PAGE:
Structure of mare apolactoferrin: the N and C lobes are in the closed form.Sharma, A.K., Rajashankar, K.R., Yadav, M.P., Singh, T.P.
(1999) Acta Crystallogr D Biol Crystallogr 55: 1152-1157
- PubMed: 10329777
- DOI: https://doi.org/10.1107/s0907444999003807
- Primary Citation of Related Structures:
- PubMed Abstract:
The structure of mare apolactoferrin (MALT) has been determined at 3. 8 A resolution by the molecular-replacement method, using the structure of mare diferric lactoferrin (MDLT) as the search model. The MDLT structure contains two iron-binding sites: one in the N-terminal lobe, lying between domains N1 and N2, and one in the C-terminal lobe between domains C1 and C2. Both lobes have a closed structure. MALT was crystallized using the microdialysis method with 10%(v/v) ethanol in 0.01 M Tris-HCl. The structure has been refined to a final R factor of 0.20 for all data to 3.8 A resolution. Comparison of the structure of MALT with that of MDLT showed that the domain arrangements in these structures are identical. However, the structure of MALT is very different to the structures of human apolactoferrin (HALT) and duck apo-ovotransferrin (DAOT), in which the domain associations differ greatly. In HALT, the N lobe adopts an open conformation while the C lobe is in the closed form. On the other hand, in DAOT both the N and the C lobes adopt the open form. These results indicate the domain arrangements in these proteins to be an important structural feature related to their specific biological functions. Based on the structures of MALT, HALT and DAOT, it can be stated that the native apoproteins of the transferrin family adopt three forms: (i) with both the N and the C lobes in closed forms, as observed in MALT, (ii) with the N lobe open and the C lobe closed, as observed in HALT, and (iii) with both the N and the C lobes open, as found in DAOT. All these proteins attain a convergent form when iron is bound to them, suggesting an efficient and unique form of iron binding. The interface between the N and C lobes, which is formed by N1-C1 contact in the core of the molecule, does not change significantly.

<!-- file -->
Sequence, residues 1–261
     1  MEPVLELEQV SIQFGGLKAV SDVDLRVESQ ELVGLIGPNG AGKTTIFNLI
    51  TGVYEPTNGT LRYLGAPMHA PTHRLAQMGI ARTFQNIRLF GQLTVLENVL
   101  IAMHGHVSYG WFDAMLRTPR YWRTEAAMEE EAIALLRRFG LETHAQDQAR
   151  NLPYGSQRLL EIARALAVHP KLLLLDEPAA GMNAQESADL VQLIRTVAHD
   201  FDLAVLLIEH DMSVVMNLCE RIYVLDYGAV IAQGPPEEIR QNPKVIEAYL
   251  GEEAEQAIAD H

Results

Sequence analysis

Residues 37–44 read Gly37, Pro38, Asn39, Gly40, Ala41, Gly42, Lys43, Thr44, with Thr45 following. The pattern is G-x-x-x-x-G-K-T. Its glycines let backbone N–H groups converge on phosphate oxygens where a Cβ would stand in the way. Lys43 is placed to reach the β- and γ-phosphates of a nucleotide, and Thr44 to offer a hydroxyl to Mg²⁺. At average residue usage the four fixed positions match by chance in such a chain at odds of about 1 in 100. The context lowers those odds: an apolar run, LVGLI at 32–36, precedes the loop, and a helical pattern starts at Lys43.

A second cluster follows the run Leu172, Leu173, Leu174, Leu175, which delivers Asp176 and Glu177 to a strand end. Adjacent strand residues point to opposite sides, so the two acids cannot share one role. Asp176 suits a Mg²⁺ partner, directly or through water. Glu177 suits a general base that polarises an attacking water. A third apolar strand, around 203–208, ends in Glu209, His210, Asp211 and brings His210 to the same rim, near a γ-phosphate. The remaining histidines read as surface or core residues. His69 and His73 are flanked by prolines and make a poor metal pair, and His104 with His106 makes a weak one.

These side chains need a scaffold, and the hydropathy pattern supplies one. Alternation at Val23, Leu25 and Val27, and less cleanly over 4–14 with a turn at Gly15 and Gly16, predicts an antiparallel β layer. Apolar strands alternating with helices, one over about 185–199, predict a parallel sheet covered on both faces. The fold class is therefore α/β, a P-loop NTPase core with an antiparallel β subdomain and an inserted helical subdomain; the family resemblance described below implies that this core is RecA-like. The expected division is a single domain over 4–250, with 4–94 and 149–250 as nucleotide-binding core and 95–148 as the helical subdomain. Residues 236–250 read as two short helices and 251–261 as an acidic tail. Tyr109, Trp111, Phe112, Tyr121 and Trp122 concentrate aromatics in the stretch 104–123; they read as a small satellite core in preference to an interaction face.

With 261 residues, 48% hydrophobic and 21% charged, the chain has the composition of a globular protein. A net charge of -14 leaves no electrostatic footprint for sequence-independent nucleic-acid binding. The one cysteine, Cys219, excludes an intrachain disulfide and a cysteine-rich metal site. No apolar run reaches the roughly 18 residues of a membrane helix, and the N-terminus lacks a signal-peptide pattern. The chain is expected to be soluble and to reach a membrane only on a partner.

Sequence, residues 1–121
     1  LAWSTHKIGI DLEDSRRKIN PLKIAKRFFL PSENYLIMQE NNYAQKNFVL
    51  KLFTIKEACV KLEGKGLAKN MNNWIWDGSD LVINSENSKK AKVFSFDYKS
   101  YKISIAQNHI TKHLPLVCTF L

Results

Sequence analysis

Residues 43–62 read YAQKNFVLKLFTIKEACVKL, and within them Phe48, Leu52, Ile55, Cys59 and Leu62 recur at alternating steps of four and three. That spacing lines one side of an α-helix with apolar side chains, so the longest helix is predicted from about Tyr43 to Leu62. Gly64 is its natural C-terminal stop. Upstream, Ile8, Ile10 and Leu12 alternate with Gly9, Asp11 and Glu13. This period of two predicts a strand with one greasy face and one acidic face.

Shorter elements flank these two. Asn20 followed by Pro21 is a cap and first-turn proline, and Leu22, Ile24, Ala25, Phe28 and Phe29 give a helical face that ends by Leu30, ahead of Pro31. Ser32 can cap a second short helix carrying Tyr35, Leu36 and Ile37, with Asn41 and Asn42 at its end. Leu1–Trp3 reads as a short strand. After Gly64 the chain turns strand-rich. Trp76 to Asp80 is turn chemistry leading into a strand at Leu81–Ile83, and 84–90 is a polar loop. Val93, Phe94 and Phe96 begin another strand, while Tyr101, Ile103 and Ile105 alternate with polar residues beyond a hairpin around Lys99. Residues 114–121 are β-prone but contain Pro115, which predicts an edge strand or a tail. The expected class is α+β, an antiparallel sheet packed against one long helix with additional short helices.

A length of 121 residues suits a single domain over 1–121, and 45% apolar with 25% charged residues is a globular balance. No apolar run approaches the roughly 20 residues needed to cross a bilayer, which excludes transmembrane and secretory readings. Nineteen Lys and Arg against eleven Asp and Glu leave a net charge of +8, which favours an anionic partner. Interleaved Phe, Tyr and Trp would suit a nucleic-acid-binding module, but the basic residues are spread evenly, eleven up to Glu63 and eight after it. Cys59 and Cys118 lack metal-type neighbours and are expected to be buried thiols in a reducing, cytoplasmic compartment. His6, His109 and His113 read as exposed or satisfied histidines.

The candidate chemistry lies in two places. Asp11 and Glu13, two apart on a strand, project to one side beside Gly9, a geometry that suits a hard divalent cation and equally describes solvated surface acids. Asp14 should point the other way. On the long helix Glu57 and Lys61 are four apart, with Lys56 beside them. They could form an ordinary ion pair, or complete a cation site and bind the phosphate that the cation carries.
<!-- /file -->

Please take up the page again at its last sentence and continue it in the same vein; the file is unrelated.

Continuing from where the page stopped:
Department of Biophysics, All India Institute of Medical Sciences, New Delhi 110 029, India.